What a sinking feeling this is for me. I've had it happen a few times and every time I just felt like skipping the meal, but I couldn't due to social obligations or the fact that I was just way too hungry and wouldn't have another opportunity to eat for hours. You're going to need more insulin than you think- obviously more than you would need without Symlin but in my experience, it is even more than you would have needed if you never used Symlin in the first place. You'll be surprised how quickly your blood glucose rises- try to bolus 15-30 minutes before you begin eating if possible.

Have you ever sat down to eat a meal at a restaurant, realized you were hypoglycemic or heading there, but still wanted to use Symlin with that meal? Depending on the contents of the meal, it can be accomplished by consuming 10-15 grams of carbohydrate over the course of ten to fifteen minutes (eat a small portion of the carbs in the meal for example), then take your Symlin and eat the rest of the food. Obviously this becomes more difficult if not impossible if the food contains no carbs and you have no glucose tabs, or if the hypoglycemia is severe. Don't try this unless you have been using Symlin for a few months at least and are very in tune with how your body responds to it and also to food.

If you have your own unique methods for using Symlin, please post them in the comments!

How to Really Screw it Up

One thing that is very tempting is to use Symlin in combination with a correction bolus to quickly solve a hyperglycemic episode. It can work to rapidly lower blood glucose and I admit to doing it when my levels are very high and I am having a difficult time getting them under control with insulin. The fact is, this technique is generally unsafe for two reasons. First of all, it can cause an extremely rapid decline in blood glucose. This is most dangerous when you already have correction insulin on board, take Symlin, and then take another corrective bolus out of frustration or miscalculation. We all know how unpredictable blood glucose changes can sometimes be, and this is especially true when we are severely out of our normal range. What can end up happening is that your blood glucose drops steeply, landing you in the normal or low-normal range while you still have a lot of mileage left from the bolus and you just injected Symlin ten or fifteen minutes prior. I won't tell you to never use Symlin to help lower very high blood glucose, because I don't believe in giving advice I wouldn't take myself, but do not take any insulin after you take the Symlin until the insulin on board is largely done doing its job.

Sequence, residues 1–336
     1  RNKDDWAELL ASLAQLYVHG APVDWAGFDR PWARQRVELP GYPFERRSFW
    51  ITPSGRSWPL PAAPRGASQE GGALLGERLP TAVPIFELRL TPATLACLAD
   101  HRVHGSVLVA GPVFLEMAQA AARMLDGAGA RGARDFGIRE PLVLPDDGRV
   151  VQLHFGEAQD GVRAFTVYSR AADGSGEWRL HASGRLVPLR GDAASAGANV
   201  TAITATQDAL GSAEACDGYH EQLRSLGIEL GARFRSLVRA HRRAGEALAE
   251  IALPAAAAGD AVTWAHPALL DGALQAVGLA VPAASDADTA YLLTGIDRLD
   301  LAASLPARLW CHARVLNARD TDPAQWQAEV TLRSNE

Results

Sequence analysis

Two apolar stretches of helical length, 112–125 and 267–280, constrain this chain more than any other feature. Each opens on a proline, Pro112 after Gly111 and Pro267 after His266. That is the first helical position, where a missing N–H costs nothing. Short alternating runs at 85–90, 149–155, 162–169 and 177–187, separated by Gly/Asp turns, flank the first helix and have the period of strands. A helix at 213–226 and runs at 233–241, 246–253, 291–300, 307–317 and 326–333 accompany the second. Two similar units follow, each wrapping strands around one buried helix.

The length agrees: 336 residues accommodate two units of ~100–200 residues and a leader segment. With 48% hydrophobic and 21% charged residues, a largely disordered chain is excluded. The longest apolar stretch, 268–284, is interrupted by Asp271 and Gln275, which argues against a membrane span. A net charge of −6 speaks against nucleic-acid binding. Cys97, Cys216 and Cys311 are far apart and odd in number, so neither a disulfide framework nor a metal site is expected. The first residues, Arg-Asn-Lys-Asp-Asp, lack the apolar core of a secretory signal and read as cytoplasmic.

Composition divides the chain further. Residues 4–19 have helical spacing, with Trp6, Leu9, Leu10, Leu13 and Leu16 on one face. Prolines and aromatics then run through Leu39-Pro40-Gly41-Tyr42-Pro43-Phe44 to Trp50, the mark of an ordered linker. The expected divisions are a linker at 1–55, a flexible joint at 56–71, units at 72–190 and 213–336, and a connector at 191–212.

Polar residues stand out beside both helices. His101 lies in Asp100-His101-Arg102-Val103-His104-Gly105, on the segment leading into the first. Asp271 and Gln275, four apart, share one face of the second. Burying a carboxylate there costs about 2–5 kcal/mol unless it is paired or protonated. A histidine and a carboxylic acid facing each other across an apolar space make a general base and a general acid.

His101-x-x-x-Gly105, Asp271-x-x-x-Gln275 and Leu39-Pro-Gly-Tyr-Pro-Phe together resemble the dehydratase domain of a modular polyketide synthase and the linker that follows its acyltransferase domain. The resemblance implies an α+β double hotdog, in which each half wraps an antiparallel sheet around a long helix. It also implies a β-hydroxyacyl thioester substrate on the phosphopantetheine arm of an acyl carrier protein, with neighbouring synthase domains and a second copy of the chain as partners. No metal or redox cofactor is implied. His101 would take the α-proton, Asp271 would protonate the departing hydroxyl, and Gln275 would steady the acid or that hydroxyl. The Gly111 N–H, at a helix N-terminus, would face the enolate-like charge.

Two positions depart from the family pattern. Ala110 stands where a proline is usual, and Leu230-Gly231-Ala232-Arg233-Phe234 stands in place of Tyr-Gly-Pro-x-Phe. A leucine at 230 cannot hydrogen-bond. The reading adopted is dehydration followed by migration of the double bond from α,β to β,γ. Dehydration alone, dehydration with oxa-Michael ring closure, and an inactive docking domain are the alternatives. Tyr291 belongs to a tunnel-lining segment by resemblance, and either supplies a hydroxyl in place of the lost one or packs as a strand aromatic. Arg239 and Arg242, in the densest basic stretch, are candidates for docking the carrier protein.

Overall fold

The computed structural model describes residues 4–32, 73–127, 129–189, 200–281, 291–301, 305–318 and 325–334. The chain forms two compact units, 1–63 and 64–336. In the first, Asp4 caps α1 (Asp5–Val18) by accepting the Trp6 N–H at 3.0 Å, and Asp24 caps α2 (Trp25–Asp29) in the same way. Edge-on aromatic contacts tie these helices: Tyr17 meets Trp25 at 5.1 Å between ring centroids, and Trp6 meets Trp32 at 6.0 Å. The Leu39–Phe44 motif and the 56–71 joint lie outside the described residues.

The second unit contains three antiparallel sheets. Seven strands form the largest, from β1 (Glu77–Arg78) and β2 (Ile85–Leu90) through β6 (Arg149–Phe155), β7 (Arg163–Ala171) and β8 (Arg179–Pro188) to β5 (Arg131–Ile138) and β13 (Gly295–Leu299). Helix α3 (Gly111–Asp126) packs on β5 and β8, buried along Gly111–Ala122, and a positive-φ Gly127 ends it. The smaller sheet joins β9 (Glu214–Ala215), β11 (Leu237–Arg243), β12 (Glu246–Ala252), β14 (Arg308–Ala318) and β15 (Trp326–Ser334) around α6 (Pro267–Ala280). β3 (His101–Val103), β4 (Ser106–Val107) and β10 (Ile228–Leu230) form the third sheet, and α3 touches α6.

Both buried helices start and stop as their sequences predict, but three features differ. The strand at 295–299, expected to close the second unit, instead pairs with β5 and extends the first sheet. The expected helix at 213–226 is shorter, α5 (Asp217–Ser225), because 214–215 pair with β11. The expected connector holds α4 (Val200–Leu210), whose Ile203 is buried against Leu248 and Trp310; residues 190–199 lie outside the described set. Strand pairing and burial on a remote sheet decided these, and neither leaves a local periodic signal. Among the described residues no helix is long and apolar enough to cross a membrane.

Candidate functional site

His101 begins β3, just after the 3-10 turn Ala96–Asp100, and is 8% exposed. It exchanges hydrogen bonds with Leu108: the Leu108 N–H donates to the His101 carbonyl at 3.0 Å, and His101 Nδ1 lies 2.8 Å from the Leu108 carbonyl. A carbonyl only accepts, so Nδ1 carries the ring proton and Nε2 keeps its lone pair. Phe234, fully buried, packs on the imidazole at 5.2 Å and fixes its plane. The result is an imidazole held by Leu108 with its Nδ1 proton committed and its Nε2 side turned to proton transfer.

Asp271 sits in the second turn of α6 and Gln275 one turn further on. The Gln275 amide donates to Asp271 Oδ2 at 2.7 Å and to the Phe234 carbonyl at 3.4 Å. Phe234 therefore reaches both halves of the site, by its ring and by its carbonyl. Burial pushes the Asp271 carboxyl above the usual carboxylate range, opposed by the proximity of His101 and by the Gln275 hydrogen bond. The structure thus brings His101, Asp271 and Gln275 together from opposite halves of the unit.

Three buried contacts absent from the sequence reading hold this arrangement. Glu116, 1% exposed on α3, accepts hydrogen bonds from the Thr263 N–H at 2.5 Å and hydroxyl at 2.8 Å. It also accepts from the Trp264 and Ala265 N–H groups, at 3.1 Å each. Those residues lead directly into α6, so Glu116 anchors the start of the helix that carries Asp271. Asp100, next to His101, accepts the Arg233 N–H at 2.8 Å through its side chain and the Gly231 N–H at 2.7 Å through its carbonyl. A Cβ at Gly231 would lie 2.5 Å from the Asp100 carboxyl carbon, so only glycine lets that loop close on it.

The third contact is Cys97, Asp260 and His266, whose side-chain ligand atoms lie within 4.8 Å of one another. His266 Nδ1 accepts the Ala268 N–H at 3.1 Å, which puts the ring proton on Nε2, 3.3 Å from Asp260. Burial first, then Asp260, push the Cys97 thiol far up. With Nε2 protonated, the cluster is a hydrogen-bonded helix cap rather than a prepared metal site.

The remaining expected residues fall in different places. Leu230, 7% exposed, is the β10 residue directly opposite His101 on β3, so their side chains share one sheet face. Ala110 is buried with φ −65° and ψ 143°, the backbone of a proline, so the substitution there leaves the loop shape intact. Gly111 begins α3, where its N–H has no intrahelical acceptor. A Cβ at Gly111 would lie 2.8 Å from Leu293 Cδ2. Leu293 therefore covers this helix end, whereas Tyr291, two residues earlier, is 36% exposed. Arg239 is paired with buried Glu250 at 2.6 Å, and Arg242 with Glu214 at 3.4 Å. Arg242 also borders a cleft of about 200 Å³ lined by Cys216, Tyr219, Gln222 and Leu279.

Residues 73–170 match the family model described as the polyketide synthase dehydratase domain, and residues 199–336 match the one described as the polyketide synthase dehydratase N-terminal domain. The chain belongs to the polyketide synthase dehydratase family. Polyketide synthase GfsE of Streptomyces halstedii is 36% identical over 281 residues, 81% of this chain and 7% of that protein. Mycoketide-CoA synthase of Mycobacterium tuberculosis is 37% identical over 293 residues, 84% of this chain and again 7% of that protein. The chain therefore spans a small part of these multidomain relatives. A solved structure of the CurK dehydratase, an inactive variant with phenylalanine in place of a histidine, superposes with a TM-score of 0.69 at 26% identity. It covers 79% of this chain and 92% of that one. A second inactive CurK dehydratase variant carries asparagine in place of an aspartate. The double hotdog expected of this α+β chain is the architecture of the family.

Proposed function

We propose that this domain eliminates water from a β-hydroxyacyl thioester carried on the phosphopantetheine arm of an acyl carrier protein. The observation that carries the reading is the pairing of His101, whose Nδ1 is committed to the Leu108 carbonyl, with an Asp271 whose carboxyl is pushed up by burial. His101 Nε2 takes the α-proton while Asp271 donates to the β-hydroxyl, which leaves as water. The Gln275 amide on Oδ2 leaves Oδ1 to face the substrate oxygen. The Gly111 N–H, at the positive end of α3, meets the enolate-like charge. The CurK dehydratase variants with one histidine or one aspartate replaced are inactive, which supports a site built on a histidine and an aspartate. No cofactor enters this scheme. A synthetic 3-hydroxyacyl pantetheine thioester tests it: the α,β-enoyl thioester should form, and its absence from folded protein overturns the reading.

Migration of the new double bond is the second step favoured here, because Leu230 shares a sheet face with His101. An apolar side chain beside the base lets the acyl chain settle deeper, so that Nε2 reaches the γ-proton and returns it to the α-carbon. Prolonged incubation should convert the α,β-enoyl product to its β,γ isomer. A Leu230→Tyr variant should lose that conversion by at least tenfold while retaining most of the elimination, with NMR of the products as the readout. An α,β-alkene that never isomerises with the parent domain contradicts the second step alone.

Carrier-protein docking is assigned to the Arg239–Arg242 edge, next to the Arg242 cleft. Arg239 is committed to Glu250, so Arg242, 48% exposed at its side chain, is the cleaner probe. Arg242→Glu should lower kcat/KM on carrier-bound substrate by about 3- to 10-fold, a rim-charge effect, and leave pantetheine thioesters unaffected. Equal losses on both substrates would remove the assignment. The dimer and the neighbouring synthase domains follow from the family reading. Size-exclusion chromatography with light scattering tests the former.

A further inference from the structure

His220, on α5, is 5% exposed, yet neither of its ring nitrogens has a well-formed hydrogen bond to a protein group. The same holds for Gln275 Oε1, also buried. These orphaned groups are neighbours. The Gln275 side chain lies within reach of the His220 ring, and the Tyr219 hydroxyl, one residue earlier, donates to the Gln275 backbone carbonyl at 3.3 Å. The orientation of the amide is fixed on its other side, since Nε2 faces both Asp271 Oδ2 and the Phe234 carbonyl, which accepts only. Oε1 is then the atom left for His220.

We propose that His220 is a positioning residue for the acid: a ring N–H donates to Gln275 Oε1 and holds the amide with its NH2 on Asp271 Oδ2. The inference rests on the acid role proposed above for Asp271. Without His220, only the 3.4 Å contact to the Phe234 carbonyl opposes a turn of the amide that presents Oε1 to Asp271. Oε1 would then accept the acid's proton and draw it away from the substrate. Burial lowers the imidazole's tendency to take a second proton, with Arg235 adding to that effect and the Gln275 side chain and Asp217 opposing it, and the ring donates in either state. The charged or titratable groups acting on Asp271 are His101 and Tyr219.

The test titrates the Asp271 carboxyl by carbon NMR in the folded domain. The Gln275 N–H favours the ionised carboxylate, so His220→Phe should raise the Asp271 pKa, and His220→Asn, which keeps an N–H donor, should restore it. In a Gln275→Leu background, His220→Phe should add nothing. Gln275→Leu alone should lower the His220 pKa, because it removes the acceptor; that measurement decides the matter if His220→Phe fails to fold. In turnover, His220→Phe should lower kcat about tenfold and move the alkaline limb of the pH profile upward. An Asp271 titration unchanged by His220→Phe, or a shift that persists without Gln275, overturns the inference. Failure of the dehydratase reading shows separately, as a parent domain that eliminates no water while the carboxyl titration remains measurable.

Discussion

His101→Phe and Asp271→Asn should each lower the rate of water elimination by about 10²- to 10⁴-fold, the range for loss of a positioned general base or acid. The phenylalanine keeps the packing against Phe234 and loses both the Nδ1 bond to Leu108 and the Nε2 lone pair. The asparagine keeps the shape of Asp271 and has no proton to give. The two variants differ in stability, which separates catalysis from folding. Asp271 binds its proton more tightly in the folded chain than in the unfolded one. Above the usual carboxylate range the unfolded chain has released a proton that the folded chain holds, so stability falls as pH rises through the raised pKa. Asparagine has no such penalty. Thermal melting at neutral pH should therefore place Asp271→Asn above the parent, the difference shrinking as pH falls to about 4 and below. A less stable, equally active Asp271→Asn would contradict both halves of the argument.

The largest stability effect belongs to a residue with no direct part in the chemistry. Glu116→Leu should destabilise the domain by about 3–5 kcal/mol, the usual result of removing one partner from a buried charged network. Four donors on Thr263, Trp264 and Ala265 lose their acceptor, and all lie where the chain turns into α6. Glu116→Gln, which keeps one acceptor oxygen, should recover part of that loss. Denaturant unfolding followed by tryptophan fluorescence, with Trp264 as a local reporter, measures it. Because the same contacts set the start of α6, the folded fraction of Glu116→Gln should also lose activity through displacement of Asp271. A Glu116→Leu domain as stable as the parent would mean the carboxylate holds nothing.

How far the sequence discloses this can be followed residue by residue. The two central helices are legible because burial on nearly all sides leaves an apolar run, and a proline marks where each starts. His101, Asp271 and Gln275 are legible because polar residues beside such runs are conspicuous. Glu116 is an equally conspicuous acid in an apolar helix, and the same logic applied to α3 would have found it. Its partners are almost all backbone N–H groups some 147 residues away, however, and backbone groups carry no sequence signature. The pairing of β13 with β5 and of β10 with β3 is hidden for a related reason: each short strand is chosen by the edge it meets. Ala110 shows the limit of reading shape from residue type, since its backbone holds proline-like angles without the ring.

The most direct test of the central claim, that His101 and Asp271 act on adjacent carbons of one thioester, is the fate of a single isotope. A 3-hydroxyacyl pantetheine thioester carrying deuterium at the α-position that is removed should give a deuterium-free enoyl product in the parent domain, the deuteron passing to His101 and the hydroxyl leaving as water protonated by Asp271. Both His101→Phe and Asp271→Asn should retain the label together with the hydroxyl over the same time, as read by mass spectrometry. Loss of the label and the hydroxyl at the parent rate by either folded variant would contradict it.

The second problem is more mechanical in nature. How many of you wash your hands every time before you test your blood glucose? Yeah. . .neither do I. But consider this dilemma- you test after exposing your hands to something that can cause a very inaccurate high reading and decide to use a Symlin-insulin combination punch to quickly drop your levels, or, you test before a meal and get a very high reading and add a corresponding correction bolus to your pre-meal Symlin injection. But oh no, you really weren't at 344, you were really at 101 and it was just the crap on your hands that was causing the meter to spike up. So before you treat hyperglycemia this way, wash your hands and do a re-test so you don't end up sitting in your kitchen until 4 AM letting mouthfuls of orange juice steep in your mouth for 15 minutes at a time until you're back in the safe zone. Spending 90 minutes in the 40s and 50s will pretty much ruin your day and unfortunately I speak from experience. You probably see the potential for even worse disasters, like doing this while on a road trip when you've stopped for food and just got back in the car with 8 overload units of Apidra on board unbeknown to you. . .

So let's not end this on a sad note. Through my own experimenting and collecting input from a couple of you who were kind enough to message me with your own experiences, I have some good information on how to make Symlin work with a high protein/low-carb diet (or single meal if you prefer).

Protein and Symlin